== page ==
2. The open question that’s most important to me is the what the credit card for the combined frequent flyer program will look like, since I get most of my miles from credit card spending. Will the United or Continental card survive, or will there be a new card?

  3. Yep, highest priority for me at the moment is maintenance of the United level of 1MM flyer status. If UA goes simply crazy and makes any dramatic NEGATIVE changes to that (and that would include bringing CO 1MM to the same level and essentially over supplying the base) I will just break down and weep.

  4. Biggest is will the new merger bring back it’s checking account relationship with Chase Bank…? Probably not. But I still SADLY miss my 50k CO miles annually from that sweet deal.

  5. As a leisure traveler, all I care about is the award availability without having to empty out my entire stash of FF miles. I could care less about the sequence they board in, or what they paint on their tail, or what they do to the 1 MM program. Give me FC travel for a reasonable number of FF miles and I am yours.

  6. Gary, what have you heard about the status of Hawaii with respect to unlimited domestic upgrades for elites? United upgrades elites to/from Hawaii, Continental does not except to LA.

  7. What’s happening with Million Miler? The change to issuing Systemwides when you get to 100k flown miles means 3MM flyers won’t get any unless they fly the 100k in a year. What’s the point of 3MM then?

  8. I’m trying to get to 1MM on United this year. If they reduce 1MM to lifetime silver (2P), I expect they will grandfather current 1MMilers at Gold (1P). I’m surprised they haven’t made an announcement on the future MM quals/benefits.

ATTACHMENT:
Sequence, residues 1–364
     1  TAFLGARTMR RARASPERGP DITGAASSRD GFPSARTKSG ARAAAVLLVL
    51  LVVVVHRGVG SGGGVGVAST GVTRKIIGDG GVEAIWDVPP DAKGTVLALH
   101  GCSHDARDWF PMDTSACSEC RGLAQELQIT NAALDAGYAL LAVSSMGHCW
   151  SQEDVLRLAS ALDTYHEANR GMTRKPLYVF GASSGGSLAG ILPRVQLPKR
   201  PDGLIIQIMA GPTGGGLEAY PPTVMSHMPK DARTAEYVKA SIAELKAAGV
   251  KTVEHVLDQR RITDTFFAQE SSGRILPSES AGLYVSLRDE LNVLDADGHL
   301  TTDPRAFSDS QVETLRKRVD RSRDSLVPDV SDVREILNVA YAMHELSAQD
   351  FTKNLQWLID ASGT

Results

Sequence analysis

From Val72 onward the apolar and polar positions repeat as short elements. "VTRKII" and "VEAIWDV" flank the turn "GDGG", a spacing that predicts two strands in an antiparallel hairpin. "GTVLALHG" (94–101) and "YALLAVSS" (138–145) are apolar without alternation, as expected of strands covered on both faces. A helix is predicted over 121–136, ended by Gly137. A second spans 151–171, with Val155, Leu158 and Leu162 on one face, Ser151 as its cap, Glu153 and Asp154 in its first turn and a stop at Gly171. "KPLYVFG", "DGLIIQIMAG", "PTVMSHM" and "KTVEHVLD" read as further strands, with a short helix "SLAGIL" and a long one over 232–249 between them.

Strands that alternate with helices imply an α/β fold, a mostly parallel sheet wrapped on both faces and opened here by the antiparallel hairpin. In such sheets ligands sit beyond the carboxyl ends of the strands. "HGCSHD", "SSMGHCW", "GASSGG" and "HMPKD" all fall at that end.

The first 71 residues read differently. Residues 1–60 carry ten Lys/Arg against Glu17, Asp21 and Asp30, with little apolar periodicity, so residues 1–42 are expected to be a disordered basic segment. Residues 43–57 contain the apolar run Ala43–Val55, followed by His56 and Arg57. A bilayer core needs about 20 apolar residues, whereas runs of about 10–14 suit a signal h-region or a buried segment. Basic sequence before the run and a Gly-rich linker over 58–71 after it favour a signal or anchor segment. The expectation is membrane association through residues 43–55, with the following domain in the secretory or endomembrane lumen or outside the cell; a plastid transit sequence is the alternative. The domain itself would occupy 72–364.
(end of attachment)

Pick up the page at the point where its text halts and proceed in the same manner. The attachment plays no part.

9. The biggest question for me is whether they will keep a “frequent flier” program or will they gut it and create a purely revenue based program like Southwest.

  10. The only thing left at United is the name. Everything else about this new merged airline is Continental.

  11. I disagree on the changes being positive and in particular the 120 segments for 1K. I am a segment guy and pay high $ per mile and they have dissed me. Doesn’t SMI J know that jarring globe on the tail revolves around me?

  12. @Batavian
    Totally correct. It is total BS what they are doing.
    Red Carpet Club -> United Club Why take an original and well known name and replace it with such a generic name?
    Red Carpet -> blue carpet It is so stupid to do this, everything else in the branding is blue, so they need something to differentiate the Premiers from the rest, which is why the red carpet was so nice at United.
    1K, Premier Exec, Premier -> Premier Access From what I have heard, all the elites are now thrown into Premier Access so someone who spends $100K/year on UA ends up behind someone who spends $1,500. This improves service for low level elites and decreases it for the most loyal fliers. Stupid.

  13. I don’t fly enough anymore for business (I send my team instead), so my goal is to hit 30 segments a year to retain Premium.

    I generally book far enough in advance that I snare an E+ seat, and now boarding sequence has improved as well – which I can understand the elite movers & shakers would be upset about (if I understand correctly there now is no boarding sequence now in “Premier Access”, but a free for all?). Expect some pushing & shoving on the blue carpet!